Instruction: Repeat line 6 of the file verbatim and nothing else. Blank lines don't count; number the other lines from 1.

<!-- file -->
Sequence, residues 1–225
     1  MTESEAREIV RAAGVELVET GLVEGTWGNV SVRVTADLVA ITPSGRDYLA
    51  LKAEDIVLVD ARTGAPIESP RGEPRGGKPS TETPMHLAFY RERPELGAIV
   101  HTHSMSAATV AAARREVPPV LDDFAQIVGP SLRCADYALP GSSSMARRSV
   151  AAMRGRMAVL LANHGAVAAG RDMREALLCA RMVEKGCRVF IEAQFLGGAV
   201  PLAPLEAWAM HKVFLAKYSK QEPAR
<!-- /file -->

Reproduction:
   201  PLAPLEAWAM HKVFLAKYSK QEPAR